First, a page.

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Questions about the fall -- whether to open campuses, how to deal with residence halls -- have been swirling since instruction first went remote in March.

Researchers are now trying to answer some of those questions, or at least, to provide some suggestions.

A new working paper from professors at Swarthmore College and the University of Pennsylvania models the spread of COVID-19 in a large university setting to examine what mitigation efforts are most effective against the spread of the disease.

"It's very anxiety-producing to read lots of op-eds where people are doing their best to sort things out," said Philip Gressman, a mathematics professor at the University of Pennsylvania and one of the co-authors of the paper. "Every time I read one, I just want to know, where's the science? We just weren't seeing it, so we decided we would jump in."

Jennifer Peck, an economics professor at Swarthmore and co-author of the paper, said that as academics, the two were keenly interested in trying to answer questions about their workplace and community.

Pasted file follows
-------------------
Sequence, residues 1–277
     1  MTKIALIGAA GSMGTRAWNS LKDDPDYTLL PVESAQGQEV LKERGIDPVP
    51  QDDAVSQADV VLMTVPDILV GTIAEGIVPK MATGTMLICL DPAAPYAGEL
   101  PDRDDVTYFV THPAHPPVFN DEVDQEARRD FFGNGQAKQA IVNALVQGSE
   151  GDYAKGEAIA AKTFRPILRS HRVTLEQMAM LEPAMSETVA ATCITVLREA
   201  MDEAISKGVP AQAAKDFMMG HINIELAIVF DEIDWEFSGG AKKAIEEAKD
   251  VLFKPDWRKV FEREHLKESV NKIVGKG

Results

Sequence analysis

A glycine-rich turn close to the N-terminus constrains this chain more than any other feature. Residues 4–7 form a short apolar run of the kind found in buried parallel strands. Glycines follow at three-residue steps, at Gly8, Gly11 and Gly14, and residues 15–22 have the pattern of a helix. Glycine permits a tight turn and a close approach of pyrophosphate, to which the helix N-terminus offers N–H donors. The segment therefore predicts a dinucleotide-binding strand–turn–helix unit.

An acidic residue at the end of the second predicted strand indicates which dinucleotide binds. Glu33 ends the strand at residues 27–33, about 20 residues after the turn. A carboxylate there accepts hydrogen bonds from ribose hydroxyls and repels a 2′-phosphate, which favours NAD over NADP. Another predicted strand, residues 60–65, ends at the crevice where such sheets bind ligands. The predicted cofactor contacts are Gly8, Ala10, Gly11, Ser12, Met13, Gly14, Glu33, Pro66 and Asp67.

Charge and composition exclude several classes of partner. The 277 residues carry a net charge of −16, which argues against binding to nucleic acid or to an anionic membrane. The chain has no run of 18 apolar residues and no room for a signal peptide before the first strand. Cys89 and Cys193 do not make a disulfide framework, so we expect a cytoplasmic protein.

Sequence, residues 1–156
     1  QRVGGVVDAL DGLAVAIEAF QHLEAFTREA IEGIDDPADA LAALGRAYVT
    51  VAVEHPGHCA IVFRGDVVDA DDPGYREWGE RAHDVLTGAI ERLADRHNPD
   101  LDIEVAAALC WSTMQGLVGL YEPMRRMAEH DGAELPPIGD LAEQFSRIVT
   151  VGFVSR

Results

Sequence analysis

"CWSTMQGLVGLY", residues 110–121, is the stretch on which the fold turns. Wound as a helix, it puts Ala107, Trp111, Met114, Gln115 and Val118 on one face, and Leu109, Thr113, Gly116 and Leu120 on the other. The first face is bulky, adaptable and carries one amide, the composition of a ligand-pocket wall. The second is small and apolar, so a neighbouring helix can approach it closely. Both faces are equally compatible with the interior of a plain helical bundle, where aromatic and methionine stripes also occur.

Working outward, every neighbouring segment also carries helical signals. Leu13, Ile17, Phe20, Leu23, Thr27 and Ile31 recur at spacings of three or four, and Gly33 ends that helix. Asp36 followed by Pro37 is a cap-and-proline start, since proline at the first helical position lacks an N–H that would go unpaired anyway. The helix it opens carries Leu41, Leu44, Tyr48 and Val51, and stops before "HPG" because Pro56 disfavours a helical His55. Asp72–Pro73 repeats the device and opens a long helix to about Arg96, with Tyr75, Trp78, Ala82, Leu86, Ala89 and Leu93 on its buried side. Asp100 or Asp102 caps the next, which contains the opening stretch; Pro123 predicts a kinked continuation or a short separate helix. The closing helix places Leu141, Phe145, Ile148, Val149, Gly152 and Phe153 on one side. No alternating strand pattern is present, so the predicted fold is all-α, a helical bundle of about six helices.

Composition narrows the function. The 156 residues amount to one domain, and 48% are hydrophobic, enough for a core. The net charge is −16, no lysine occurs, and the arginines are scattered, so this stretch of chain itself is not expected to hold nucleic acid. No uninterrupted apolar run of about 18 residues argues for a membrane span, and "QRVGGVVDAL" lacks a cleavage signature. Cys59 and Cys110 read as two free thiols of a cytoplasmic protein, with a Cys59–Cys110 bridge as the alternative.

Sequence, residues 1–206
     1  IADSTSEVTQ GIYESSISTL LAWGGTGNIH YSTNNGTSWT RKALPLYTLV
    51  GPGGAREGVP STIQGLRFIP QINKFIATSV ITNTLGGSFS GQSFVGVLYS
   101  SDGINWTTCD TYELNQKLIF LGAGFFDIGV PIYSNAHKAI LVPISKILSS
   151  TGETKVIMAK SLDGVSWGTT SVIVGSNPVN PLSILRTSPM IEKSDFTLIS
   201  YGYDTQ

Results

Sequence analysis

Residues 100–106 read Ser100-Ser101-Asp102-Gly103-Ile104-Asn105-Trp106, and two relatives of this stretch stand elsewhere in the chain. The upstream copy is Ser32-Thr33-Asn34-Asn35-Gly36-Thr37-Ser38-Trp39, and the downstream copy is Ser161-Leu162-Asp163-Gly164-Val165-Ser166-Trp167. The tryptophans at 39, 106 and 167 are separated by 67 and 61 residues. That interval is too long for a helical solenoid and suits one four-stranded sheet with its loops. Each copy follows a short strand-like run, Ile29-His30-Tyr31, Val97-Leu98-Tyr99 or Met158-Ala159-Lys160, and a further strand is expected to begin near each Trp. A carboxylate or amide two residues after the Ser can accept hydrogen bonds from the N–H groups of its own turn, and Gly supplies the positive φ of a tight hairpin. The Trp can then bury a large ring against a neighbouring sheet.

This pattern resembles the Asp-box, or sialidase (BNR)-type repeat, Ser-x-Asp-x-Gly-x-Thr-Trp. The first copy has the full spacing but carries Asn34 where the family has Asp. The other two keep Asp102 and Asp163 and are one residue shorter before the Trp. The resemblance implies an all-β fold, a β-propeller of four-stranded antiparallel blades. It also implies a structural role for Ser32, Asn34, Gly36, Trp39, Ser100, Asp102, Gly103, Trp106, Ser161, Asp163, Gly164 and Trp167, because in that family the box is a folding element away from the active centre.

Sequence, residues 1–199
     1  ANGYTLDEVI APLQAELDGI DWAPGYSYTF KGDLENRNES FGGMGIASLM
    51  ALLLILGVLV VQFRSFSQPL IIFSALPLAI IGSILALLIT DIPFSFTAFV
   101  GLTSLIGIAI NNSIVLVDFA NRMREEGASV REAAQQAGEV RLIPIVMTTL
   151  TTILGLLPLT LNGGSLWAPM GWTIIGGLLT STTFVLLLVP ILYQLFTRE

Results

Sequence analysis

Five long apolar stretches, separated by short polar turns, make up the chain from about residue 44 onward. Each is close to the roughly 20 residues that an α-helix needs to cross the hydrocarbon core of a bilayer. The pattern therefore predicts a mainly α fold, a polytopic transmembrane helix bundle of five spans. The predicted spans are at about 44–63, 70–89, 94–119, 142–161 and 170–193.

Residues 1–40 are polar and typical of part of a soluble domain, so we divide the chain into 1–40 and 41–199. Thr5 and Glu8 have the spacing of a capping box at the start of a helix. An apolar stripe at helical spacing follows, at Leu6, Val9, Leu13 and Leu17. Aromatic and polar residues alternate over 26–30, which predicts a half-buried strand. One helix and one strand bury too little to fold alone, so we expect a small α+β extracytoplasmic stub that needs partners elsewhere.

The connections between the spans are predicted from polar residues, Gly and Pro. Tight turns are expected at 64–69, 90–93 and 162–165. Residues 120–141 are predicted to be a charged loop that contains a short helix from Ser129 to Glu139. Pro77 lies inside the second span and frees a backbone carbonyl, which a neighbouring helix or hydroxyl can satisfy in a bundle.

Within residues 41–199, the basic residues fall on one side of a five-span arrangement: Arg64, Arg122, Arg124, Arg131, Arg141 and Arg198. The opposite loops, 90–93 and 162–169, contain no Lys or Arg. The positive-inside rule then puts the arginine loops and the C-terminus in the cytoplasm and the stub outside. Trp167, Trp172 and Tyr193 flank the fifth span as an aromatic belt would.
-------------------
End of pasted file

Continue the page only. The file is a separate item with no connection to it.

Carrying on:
"We really wanted a model that combined all of these epidemiological facts with the facts that we know about the structure of academic contacts at a university to try to see if there was any feasible strategy to mitigate the spread through academic contact at a university," she said.

The model examines a hypothetical large university of 20,000 students and 2,500 instructors who interact daily for 100 days. The mean class size in the simulation is 24 students, with 90 percent of classes having 50 students or fewer.

Each day in the model, there is a 25 percent chance that one individual on campus not in quarantine, who has not already been infected, can become spontaneously infected by nonuniversity contact, a rate researchers said was rather low compared to other estimates.

In the absence of any intervention at all, the model suggests that all susceptible community members would acquire COVID-19 by the end of the semester, with peak infection rates between 20 and 40 days into the semester, even if the semester begins with no infections.

A standard intervention, consisting of quarantine, contact tracing, universal mask wearing, daily testing of 3 percent of the university population and large classes (30 or more students) moved online, suggests a slightly rosier picture, with infections kept below 66 people in 95 percent of simulations.